A love-hate relationship with my mother tongue
And my mother land.
I’ve seen glimpses of heaven between the lines on my mother’s hands,
And under her feet.
I walk alongside her
As I follow a light in the sky
Like the light I see in her eyes.
When she recalls the silky flow of cardamom tea
Into clay cups her neighbours made,
When she talks about humid nights on roof tops,
And when the moon was close enough for her to reach out and touch.
This copper bowl of warm milk and rose petals she swirls her hand in to seal our destiny
overflows and overflows.
She asks me why I don’t knock on her neighbours’ doors and I tell her
That her neighbours are not my neighbours,
And I can’t find peace on the roof of a home that doesn’t have peace inside of it.
Gentle words and gentle touches,
Delicate fingers adorned in gold,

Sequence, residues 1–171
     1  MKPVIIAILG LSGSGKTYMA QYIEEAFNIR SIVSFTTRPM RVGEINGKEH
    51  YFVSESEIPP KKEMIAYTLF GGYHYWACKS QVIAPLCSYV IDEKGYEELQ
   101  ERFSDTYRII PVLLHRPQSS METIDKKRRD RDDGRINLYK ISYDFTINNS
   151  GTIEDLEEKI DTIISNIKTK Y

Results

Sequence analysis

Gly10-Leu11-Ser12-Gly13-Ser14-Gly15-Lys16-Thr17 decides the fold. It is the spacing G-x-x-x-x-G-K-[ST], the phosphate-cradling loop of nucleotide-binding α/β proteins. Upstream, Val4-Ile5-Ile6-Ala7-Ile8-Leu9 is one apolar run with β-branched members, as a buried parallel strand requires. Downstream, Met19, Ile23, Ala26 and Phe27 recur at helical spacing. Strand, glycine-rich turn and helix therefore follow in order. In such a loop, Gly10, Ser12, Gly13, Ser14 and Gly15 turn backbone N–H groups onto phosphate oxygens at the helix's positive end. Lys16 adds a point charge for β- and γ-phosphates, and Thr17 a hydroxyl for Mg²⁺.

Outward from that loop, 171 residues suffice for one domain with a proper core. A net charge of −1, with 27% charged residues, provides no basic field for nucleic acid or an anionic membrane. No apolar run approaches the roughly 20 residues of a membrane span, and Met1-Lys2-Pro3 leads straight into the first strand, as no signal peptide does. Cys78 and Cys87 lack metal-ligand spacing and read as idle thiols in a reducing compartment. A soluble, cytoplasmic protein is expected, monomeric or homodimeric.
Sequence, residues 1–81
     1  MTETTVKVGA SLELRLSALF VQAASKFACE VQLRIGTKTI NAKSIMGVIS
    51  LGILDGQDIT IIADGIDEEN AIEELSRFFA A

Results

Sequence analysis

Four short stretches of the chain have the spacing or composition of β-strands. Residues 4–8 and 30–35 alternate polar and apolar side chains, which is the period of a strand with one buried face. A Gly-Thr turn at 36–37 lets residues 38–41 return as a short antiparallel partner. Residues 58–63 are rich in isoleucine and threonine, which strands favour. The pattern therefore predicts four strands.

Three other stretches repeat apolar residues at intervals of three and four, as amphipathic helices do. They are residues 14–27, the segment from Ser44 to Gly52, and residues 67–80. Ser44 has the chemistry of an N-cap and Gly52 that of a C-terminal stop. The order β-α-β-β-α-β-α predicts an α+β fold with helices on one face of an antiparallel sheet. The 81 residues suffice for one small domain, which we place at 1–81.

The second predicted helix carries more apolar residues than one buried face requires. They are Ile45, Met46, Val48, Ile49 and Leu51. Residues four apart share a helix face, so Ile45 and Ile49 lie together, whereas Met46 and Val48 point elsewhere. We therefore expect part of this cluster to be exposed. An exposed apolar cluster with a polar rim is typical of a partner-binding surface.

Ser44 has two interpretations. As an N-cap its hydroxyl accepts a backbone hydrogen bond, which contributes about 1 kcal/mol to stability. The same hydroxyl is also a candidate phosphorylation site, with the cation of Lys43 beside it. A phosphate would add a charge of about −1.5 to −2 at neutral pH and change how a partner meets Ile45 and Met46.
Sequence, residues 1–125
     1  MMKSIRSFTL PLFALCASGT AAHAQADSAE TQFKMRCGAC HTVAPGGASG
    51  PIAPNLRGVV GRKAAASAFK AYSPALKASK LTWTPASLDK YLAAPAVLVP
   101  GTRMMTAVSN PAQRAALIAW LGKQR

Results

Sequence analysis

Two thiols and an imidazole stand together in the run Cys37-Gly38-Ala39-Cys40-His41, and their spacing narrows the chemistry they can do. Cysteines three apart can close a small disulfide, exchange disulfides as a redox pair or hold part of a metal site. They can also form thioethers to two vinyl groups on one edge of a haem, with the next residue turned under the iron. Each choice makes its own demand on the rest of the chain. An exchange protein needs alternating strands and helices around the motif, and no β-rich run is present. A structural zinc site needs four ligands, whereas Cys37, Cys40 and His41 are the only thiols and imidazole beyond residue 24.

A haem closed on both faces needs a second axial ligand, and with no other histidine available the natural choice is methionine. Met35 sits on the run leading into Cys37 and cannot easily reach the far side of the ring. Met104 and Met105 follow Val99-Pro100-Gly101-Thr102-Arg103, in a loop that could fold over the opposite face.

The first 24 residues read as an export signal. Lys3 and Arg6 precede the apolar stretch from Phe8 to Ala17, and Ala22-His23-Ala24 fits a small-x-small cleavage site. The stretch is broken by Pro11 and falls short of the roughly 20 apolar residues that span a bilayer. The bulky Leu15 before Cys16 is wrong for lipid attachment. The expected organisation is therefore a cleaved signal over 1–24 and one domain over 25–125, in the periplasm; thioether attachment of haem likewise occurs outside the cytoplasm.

Psychedelic patterns of chartreuse carved into these laboured hands,
These cold hands that won’t ever know warmth
Because the chill of the snowy mountains our parents left will never leave us.
We find our strength from the endurance stitched into the embroidery of these Kashmiri shawls.
Beauty is in our blood.
Homelessness is in our history.
We were not created for comfort.
As my mother tongue fades and merges with yours,
These Kashmiri shawls that sit in the back of our wardrobes
Won’t fade in colour,
And their stitches will never undo.
We sleep under the same moon our mothers dipped their fingers in
And our eyes are made for the sun, too
And we will find our own neighbours
And there’ll be peace between the bricks of the homes we build ourselves.
By Halima Anwar